The tables below outline the safety event groups for each of the Behavior Analysis and Safety Improvement Categories (BASICs) and can be found in the SMS Methodology document.

Hours-of-Service (HOS) Compliance, Driver Fitness, and Vehicle Maintenance BASICs
Hazardous Materials Compliance BASIC

*A relevant inspection is one where the roadside inspector reviewed a particular area for evidence of violations (not all inspection types/levels look at all areas).

Controlled Substances/Alcohol BASIC

The Unsafe Driving and Crash Indicator BASICs divide the safety event groups further into two additional categories: combo and straight segments. The following is used under the SMS to determine the carrier's segment:

  • "Combo" – combination trucks/motor coach buses constituting 70 percent or more of the total Power Units (PUs).
  • "Straight" – straight trucks/other vehicles constituting more than 30 percent of the total PUs.
Unsafe Driving BASIC
Crash Indicator BASIC


No. CSA does not include any new regulations carriers will need to comply with. CSA is a system for tracking, measuring, evaluating, and intervening with carriers, it is not a new regulation that carriers must comply with. The only regulatory component in CSA has to do with the FMCSA using the Safety Evaluation the CSA Safety Measurement System generates as a carrier's official rating and changing the auditing procedures used by the FMCSA investigators.

No. The requirements for drivers and the documentation the driver must have with them are not changing.

Violations & CSA Scores

Yes. All violations of the safety regulations appearing in the severity weighting tables and noted on a roadside inspection report during a relevant inspection will be used in the CSA Safety Measurement System. However, due to the severity weighting system serious violations will have a greater impact on a carrier's CSA scores than minor violations.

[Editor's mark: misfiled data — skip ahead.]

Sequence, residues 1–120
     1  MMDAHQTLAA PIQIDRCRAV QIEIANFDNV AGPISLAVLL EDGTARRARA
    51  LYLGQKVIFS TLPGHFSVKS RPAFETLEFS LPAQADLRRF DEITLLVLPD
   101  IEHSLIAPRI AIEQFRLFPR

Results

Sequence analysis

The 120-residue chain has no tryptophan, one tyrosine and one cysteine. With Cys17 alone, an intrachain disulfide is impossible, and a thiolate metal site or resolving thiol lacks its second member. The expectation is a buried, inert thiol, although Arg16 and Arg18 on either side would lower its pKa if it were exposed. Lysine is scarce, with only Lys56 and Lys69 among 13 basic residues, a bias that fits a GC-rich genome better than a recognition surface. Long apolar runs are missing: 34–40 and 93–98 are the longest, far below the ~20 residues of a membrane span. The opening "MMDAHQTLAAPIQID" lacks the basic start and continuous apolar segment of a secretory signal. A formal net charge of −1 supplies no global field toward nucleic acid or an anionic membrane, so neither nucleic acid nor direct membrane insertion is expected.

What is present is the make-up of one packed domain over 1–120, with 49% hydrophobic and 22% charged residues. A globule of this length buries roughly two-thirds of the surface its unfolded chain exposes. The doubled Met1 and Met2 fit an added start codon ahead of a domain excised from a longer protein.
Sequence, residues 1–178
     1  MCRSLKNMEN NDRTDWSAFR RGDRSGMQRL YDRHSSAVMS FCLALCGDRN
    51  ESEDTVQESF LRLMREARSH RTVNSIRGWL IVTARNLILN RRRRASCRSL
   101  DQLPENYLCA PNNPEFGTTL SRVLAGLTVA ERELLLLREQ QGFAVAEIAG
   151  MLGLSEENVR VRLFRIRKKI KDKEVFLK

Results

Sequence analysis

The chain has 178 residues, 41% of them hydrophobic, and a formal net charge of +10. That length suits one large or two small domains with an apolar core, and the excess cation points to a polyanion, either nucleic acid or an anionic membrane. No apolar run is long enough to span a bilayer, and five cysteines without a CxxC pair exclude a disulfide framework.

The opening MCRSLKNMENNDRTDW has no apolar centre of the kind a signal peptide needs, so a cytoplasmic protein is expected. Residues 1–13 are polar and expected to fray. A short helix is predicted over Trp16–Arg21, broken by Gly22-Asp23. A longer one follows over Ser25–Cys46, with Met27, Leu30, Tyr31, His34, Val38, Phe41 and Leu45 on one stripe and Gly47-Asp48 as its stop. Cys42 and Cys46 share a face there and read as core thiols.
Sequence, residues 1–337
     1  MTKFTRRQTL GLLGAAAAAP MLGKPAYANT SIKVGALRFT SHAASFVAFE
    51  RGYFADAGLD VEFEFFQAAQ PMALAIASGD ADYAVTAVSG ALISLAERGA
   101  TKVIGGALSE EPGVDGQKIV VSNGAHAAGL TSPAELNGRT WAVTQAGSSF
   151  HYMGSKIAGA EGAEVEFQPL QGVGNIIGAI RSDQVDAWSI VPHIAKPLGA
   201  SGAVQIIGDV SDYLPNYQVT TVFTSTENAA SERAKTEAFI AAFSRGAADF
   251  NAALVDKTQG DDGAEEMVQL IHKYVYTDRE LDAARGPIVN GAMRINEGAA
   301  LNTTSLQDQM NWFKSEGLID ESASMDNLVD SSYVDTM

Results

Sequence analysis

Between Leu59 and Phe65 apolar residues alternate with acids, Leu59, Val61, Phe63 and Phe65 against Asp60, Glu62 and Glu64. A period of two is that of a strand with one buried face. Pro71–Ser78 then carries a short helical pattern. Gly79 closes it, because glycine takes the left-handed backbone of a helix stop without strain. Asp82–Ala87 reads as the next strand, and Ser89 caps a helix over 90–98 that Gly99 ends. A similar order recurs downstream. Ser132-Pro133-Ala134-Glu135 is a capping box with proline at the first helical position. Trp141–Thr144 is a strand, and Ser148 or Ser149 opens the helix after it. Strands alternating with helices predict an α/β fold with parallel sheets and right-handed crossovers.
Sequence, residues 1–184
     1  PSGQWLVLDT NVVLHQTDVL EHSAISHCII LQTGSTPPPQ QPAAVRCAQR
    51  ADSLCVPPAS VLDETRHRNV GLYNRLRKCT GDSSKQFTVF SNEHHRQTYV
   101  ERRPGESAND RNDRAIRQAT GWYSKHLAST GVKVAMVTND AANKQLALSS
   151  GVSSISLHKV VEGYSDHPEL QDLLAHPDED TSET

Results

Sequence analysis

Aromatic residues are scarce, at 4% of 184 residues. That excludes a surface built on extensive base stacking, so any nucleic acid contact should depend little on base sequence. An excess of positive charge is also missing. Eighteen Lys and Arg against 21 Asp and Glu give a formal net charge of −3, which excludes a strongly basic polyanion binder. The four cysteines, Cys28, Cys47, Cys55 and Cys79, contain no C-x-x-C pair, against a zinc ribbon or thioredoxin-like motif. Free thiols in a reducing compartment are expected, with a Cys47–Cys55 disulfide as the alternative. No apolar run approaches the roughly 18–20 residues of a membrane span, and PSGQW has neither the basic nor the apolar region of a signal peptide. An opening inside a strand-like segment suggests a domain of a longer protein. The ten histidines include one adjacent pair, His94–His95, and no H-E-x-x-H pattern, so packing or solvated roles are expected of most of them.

No. If the officer did not complete a roadside inspection report, the inspection will not show up in CSA. Instruct drivers that if the officer did do a complete driver inspection, the driver should ask for an inspection report. However, please be aware that there are several reasons the officer my not have completed a roadside inspection report. Examples include the following:

  • The officer did a simple "traffic stop," not a roadside inspection.
  • The officer was not a MCSAP/CVSA officer. Only officers that have been properly trained can conduct roadside inspections and submit reports.
  • The officer did not do a complete inspection (simply checking a driver's license or log does not count as an inspection; the inspection must meet the North American Standards established by CVSA to be recorded as a roadside inspection).

There are two main appeals processes if you feel that you have received a violation you should not have. The first is to contact the State Motor Carrier Safety Office in the state the inspection took place in, and the second is the DataQs system operated by the FMCSA. In both cases, you will need to be able to support your argument (you cannot simply state that you feel the violation was incorrect; you will need to provide regulatory or factual proof that the violation was incorrect).

Yes, any roadside inspection report that has been submitted to the FMCSA by a state will be visible. One key point: Carriers will still need to track roadside inspection reports internally (to make sure corrective actions are completed and that drivers are submitting all reports to the company and officers are submitting all reports).